Last tip is to never make someone "indispensable" - always have pair-training, pair-testing, and a buddy system. I am not recommending that everyone has to be able to do the same things at the same quality. But you should have various team members knowledgeable about other people's areas such that they can stand-in or help out.
I don't know the industry or market you are working with - so these solutions will be general in nature. Setup an appointment with me to discuss more detail solutions that are better aligned with your specific situation. You can setup an appointment at https://www.timetrade.com/book/WFSFQ
Has anyone talked to the employee to find out why he's leaving? If it's money, find out if he'd be willing to work as a freelancer for more money until the project's delivered. This gives you more time to find a permanent replacement and the project keeps moving along. Is it because the project timeline and/or workload are unreasonable? Throwing more bodies at the project may relieve the problem until the project is delivered. Is it because the project supervisor/manager is difficult or unreasonable? If it's because the departing employee doesn't want the responsibility, then you need to ask yourself why. Does your company have a culture that easily assigns blame? If so, it may be that the employee doesn't want to see his career go up in smoke because of something he has no control over.
It sounds to me like there's more going on at your client's company than one fed-up employee. For the health of your client's company, human resources should take an unbiased look the department in question and make sure it's not symptomatic of a company-wide problem.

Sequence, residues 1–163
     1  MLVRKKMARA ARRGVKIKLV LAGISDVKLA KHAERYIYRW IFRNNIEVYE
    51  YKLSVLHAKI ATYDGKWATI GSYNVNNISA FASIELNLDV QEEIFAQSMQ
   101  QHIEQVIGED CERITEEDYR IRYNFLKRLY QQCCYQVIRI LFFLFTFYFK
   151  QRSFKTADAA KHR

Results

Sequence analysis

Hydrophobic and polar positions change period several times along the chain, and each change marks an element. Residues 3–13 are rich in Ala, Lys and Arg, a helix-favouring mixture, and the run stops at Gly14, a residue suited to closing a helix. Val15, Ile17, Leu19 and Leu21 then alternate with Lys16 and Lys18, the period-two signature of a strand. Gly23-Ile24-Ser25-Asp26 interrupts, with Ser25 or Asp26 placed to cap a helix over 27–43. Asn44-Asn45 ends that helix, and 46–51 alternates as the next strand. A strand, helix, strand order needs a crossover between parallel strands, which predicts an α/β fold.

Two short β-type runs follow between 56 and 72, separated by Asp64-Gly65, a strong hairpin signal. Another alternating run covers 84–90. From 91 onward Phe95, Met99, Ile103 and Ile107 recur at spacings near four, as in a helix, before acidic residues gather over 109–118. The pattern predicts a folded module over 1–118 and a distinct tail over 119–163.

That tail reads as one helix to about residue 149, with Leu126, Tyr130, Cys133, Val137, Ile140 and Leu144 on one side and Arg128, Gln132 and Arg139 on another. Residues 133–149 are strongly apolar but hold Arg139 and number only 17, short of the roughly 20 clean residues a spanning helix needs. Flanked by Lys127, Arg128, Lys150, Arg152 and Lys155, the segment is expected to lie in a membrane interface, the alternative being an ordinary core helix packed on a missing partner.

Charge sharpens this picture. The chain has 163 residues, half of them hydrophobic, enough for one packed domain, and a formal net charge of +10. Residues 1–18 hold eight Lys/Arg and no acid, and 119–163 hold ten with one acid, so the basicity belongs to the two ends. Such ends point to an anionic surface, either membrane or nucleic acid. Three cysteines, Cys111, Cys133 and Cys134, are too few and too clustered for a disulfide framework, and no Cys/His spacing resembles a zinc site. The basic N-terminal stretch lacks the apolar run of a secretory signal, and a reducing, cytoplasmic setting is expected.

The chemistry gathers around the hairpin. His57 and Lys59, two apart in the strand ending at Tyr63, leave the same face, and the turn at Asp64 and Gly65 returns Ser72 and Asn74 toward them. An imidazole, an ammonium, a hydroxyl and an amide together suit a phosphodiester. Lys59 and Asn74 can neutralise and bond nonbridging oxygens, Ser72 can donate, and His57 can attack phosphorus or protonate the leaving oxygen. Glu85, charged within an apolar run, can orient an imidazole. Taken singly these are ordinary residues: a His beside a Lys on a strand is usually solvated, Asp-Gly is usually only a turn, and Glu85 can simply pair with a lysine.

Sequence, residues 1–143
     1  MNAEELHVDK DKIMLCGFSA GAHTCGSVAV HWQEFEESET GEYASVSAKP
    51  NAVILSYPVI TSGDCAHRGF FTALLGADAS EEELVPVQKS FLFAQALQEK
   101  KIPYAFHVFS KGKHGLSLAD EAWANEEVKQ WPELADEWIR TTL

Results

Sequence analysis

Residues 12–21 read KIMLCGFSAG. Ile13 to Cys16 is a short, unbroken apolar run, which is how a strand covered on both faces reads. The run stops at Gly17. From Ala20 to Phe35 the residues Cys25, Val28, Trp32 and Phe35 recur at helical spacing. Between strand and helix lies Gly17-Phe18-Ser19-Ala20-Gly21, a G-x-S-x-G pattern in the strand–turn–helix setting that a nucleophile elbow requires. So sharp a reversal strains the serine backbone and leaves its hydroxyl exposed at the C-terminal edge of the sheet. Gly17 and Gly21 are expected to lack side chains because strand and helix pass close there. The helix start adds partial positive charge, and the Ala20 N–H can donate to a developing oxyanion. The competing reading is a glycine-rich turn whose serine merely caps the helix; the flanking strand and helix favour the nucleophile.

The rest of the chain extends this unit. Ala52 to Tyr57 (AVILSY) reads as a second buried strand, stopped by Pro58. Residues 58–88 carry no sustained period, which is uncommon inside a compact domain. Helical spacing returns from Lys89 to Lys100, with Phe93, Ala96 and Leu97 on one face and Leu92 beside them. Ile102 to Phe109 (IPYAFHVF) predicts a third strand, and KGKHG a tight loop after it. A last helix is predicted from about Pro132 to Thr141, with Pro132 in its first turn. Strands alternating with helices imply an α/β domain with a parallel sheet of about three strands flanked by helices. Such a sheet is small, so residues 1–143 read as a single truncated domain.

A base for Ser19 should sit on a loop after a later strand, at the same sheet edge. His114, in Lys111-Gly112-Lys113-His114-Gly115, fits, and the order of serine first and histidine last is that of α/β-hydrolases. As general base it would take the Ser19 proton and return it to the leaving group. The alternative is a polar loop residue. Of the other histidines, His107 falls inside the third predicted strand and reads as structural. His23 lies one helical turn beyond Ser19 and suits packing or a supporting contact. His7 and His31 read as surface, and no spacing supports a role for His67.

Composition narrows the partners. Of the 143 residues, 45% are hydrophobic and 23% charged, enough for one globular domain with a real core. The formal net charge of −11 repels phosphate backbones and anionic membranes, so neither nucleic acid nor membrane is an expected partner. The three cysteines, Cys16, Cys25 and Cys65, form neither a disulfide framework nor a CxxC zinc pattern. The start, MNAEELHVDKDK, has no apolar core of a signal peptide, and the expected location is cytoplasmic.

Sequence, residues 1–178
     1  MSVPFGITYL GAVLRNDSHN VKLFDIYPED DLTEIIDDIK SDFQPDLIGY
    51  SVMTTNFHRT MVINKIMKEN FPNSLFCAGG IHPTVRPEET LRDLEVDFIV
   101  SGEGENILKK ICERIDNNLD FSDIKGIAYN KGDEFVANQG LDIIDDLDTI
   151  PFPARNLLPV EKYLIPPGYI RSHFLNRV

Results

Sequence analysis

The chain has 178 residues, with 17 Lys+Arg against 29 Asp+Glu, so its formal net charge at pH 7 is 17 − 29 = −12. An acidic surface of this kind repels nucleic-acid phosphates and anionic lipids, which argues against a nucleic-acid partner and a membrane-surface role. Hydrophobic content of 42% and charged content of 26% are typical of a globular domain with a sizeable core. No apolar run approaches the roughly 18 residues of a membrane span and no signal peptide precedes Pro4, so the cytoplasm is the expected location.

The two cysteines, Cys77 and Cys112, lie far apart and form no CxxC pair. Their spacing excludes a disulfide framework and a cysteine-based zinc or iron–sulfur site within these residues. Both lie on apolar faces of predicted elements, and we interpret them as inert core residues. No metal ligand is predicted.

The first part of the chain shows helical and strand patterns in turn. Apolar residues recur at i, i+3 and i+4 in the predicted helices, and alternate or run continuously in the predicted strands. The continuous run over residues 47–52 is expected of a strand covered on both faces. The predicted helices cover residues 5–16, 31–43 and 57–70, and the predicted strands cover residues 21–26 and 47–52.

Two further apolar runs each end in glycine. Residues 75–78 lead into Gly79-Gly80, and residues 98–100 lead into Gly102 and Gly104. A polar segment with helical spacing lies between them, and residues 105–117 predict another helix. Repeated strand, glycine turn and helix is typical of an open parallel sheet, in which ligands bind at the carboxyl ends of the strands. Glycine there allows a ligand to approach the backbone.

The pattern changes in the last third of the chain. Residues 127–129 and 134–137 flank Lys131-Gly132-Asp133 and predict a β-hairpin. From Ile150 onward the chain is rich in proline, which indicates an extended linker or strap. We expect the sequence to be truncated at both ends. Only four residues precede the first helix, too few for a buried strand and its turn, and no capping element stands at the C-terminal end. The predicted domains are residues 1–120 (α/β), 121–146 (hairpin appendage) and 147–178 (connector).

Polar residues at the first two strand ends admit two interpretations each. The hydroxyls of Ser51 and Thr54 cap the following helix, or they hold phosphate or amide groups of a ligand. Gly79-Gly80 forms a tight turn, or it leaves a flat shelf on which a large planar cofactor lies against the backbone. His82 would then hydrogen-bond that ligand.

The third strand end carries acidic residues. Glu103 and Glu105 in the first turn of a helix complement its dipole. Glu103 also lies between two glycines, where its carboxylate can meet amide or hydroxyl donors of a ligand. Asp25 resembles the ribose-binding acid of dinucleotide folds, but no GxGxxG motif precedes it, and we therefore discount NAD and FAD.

JC- I agree with your approach above...Has your client approached the employee and asked for an extension on the resignation or possibly contract him to work with a new employee? Does the work need to be done onsite or can your client outsource to an expert?
I would start by abandoning the negative mindset. When you start with blaming an employee for "only" giving twice the customary notice in a resignation, you aren't in the right mindset to really solve the problem. As far as alternatives, consider a contract or temporary worker either to complete the project or to take on other responsibilities so the project can go more smoothly. If it's a highly technical field, there are likely contract workers available or companies that will subcontract some of the work.
There are few ways to look at it. We work in a society where people are more conditioned to leave if they get a better opportunity.
Since this employee gave a month, notice there is ample time to cross train someone to take on the additional responsibility while a replacement is found. All roles and responsibilities of the employee leaving need to be documented. A good leader will set this plan in motion.
Granted goals are important but business continuity needs to be higher priority.
I like where you are going with this JC. If the deadline is firm there is no reasonable alternative to get the task done. I'm not sure who that expert would be but I'd suggest it will be a colleague who is already reasonably up to speed on what the resigning employee is doing. If the task is not fully completed in 20 days it may be reasonable for the "expert" employee to ensure the task gets done.
The first thing I would do is sit down with the employee and find out why he is leaving. Is it disatisfaction with the job? Another employee or a boss? Has he/she had a better offer elsewhere? Is it a personal issue? The situation may be something that can be resolved and if so then the problem can be avoided. I would really work at getting this point settled first.
If the employee is still bent on leaving then you will have no choice but to replace him/her. Your suggestions to your client then would be the way to go. I feel the first step is omitted and worth a look first however.
Melissa is correct as well are others.
Some people do bale when there is a deadline coming if they know they cannot handle the time line.